Drip irrigation

Water, water, water! Regular, deep watering will give you a bounty of tasty veggies. Water at least three times a week to a depth of six inches. Some veggies, lettuce, zucchini, cucumbers and radishes, like lots and lots of extra water.

The best way to keep your SCV veggie garden watered at a price you can afford is to use drip irrigation. It is a way to put water right at the roots of the plants that need the water and away from pesky weeds, that you don’t want to water.

Kits for use in home gardens are available online at reasonable prices. This is a very efficient way to water because pressurized emitters can be set to water specific areas at pre-set rates. It is a great way to know exactly how much water you’re putting on your garden.

Planning your garden

Proper planning is another “must” for veggie garden success. Choose a sunny location to locate your garden. Most vegetables need at least 6 hours of direct sunlight per day. The more sunlight they receive, the bigger the harvest and you’ll get better quality and larger veggies, too.  

When planting your garden space your crops properly. For example, corn needs a lot of space and can throw shade onto shorter vegetables. Plants set too close together compete for sunlight, water and nutrition. For example, a row of carrots or beets planted too close together will fail to produce large, healthy plants. They will be all tops and no root to eat because they did not have space to spread out. Pay attention to the spacing guidance on seed packets and plant tabs. Make sure to thin your vegetables so there is only one plant every several inches. Give them space to grow.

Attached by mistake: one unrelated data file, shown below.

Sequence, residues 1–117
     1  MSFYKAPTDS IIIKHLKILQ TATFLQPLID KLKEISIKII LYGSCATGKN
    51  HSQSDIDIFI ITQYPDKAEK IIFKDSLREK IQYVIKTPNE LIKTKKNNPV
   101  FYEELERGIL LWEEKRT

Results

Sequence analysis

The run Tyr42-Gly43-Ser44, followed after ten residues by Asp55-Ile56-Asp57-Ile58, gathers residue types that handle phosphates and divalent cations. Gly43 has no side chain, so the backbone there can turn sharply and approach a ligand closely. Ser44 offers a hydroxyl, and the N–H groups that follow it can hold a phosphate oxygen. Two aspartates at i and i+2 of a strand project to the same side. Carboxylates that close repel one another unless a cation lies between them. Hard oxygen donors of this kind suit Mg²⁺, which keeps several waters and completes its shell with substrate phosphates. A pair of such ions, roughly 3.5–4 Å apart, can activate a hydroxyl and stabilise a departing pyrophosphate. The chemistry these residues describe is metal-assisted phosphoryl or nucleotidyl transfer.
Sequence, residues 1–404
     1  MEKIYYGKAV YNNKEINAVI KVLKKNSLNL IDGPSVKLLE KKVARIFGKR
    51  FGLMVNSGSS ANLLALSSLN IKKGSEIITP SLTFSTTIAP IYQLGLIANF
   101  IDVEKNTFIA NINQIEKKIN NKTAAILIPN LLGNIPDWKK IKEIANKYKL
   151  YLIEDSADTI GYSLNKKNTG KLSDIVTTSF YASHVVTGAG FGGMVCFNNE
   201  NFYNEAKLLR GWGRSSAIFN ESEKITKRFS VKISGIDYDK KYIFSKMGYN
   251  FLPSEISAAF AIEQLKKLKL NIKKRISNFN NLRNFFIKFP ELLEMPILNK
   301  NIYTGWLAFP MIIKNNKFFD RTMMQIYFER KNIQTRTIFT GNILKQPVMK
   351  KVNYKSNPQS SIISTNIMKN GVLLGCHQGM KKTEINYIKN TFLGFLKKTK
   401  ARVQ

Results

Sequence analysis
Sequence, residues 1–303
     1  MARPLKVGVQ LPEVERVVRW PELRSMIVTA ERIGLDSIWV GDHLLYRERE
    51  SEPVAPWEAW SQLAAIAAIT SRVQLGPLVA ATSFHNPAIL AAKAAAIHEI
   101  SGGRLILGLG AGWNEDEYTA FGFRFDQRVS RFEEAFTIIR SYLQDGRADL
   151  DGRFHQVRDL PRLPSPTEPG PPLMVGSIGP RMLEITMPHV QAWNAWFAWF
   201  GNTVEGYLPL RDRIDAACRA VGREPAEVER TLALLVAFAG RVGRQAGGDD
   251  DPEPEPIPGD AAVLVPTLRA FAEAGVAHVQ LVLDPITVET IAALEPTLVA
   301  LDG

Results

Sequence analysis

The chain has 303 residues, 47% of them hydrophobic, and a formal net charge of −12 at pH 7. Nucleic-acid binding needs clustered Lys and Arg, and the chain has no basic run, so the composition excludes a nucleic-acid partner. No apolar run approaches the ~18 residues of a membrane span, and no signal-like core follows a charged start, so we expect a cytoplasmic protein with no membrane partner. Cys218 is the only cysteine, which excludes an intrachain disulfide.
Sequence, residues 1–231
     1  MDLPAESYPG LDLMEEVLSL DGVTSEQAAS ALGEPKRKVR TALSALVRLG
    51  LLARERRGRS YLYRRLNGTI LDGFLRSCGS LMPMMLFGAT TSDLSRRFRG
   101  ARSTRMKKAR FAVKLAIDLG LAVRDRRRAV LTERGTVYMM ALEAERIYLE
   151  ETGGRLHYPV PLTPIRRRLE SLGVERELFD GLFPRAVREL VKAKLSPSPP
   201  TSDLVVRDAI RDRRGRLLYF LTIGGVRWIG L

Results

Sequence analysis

The Top Ten

Here are the top 10 veggies suggested by the Old Farmers Almanac for beginning gardeners. Frankly, these the veggies I plant year after year because they are the veggies my family eats most!

Tomatoes (five plants in tomato cages); zucchini squash (four plants tops, unless you want to feed zucchini to your neighbors for the next three months); peppers (six plants, I like the sweet red peppers); cabbage, bush beans, lettuce, beets, carrots, chard and radishes.

Just for fun I reserve a small space in my garden to grow something new, just to see if it will grow. I’ve successfully grown artichokes (until the aphids came and ate them all), cantaloupe, okra and pumpkins.

Gardening Success

I’ve had lots of gardening success in the SCV without having to use any insecticides. Other than the one aphid infestation that took an entire crop of artichokes, the insects in the SCV seem to leave my gardens mostly alone.

Regular watering and persistence has been my keys to success. Not everything always grew well every year. Rotate your crops in your garden. Don’t plant the same thing in the same place each year. Use good quality fertilizer. Don’t fear the manure, it is gardening gold. Don’t worry about what variety of veggie to plant. The seeds offered in local stores are all rated for this area. I have found that trial and error (and the advice of other gardeners) is the best ticket to knowing which variety of a certain veggie to plant.